Professor Basky Thilaganathan
Professor Basky Thilaganathan features across the three episodes of Baby Surgeons: Delivering Miracles.
As well as being Clinical Director of our Fetal Medicine Unit at St George’s, he’s also the Clinical Lead for the SAFE test NIPT laboratory and Clinical Director for Tommy’s National Centre for Maternity Improvement at the Royal College of Obstetricians and Gynaecologists.
Having joined St George’s in 1999, Professor Thilaganathan has led the Fetal Medicine Unit and played a key role in making Baby Surgeons: Delivering Miracles happen.
Here, we catch up with him…
How did you find filming for Baby Surgeons: Delivering Miracles?
We soon got used to it and began to ignore the presence of the cameras, though it felt a little strange at first. I was amazed at how many women agreed to be filmed – they are so strong and deserve credit for wanting to share their experiences.
What has been your favourite part of being involved with the series?
Seeing what women and parents are like when they are not on the ultrasound couch and seeing them with their children at home afterwards. It’s something that we very rarely get to see. Pre-pandemic, we would often have visits to the unit from mums who we’d treated that wanted us to meet their babies but obviously that isn’t happening at the moment so it was lovely to see families at home through the series.
Why did you want to be a part of this series?
I feel that people in general tend to hold strong feelings on this area of medicine without necessarily understanding what parents have to endure through no fault of their own. This series portrays their difficult journeys very clearly.
Throughout the series, it feels like team work is key in fetal medicine. Is that right?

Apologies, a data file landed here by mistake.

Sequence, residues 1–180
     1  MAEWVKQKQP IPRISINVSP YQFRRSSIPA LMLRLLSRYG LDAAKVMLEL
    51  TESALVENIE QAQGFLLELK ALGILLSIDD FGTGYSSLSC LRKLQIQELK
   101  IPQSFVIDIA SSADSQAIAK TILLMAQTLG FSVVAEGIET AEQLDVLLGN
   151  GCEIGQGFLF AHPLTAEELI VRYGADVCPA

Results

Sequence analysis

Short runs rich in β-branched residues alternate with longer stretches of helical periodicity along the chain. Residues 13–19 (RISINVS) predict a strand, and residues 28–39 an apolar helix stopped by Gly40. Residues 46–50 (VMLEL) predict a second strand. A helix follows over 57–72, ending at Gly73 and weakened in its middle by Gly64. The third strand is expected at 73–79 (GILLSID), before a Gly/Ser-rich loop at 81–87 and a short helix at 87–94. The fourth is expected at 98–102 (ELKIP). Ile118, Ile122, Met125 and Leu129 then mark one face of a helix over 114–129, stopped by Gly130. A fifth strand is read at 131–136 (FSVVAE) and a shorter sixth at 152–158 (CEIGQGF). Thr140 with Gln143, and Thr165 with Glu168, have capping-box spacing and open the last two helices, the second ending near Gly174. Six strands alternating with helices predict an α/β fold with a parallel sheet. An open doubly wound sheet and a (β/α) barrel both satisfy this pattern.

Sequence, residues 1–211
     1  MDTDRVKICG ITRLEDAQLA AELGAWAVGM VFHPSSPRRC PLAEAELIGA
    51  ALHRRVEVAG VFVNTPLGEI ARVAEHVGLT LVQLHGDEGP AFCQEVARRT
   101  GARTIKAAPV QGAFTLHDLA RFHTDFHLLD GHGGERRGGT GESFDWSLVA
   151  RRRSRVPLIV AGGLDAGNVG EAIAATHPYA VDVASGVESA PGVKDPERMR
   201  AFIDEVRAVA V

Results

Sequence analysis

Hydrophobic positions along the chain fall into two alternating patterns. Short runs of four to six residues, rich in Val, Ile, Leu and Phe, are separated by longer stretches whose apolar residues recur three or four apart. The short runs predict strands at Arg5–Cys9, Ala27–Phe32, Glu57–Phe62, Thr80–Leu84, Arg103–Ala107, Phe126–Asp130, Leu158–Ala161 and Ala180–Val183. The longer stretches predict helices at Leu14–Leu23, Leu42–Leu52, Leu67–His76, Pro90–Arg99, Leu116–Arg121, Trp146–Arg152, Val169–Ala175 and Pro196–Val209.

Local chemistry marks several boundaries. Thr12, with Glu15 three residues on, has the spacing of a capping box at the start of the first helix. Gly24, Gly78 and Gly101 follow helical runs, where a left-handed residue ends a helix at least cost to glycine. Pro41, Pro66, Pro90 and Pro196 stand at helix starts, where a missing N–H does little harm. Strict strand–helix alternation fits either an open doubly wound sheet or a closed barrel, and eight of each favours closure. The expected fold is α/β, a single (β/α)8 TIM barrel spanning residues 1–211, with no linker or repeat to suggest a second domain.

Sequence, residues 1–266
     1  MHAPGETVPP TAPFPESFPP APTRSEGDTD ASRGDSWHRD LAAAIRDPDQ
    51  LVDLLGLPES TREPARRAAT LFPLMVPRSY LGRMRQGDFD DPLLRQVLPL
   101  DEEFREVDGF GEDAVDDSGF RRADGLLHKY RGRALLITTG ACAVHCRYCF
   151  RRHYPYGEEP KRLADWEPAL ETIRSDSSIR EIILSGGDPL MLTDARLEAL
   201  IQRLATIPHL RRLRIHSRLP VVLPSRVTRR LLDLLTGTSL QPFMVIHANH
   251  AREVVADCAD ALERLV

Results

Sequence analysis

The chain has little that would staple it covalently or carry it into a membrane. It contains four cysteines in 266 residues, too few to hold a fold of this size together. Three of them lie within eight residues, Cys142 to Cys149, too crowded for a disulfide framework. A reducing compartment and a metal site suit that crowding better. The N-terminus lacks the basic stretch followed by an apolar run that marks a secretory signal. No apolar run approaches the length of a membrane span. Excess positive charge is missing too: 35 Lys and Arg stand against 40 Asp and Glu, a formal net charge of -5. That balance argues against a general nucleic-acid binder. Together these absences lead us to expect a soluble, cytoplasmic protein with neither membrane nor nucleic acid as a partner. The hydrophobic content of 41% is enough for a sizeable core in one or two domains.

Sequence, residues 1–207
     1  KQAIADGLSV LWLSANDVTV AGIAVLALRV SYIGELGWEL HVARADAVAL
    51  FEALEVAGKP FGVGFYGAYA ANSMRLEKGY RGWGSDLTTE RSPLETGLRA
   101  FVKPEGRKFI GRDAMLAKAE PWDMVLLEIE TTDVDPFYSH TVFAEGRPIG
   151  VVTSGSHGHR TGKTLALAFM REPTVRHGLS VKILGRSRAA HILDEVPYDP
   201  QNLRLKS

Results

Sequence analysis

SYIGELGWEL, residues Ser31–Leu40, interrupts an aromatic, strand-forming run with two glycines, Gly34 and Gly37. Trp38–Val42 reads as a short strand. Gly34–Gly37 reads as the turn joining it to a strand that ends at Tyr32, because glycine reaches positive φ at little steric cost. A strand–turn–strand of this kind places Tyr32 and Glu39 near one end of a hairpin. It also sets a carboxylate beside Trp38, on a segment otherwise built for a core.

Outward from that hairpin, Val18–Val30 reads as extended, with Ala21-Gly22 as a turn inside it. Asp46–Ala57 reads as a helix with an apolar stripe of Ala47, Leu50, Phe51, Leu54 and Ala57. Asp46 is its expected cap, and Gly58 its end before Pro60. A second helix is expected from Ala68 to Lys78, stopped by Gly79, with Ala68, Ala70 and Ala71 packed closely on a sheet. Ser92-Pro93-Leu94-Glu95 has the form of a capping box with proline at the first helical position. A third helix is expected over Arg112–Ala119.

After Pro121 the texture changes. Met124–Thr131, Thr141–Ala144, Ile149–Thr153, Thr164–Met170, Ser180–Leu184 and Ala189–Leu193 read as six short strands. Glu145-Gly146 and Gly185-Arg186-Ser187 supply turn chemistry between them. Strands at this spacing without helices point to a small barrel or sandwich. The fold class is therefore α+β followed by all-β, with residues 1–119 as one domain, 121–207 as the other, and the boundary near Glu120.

Absolutely, everything we do is a team effort. We are not sole practitioners. The team – consultants, sonographers, midwives, clinical fellows and those from other departments such as anaesthetists, ENT and neonatal colleagues – all help us to achieve what we need to and we support one another when things don’t go to plan too. It’s incredibly important.
What made you want to get into this area of medicine?
Luck (opportunity) and timing would seem the best and most honest answer. I wasn’t born with a stethoscope around my neck. I’ve got no medics in my family. At a critical stage during my medical school training, I was exposed to obstetrics and spent a couple of months with Kypros Nicolaides. It was an eye opener to see what was happening in the very early days of fetal medicine. It had a huge influence on me deciding that this was the right career for me.
What would you say to someone who is interested in progressing into a similar career?
I hope it comes across in Baby Surgeons: Delivering Miracles that the doctors, midwives and sonographers are skilled as well as kind and caring people. You need all of those attributes, but in particular, you have to be kind and learn to take care of others – without that, it is a difficult field to succeed in.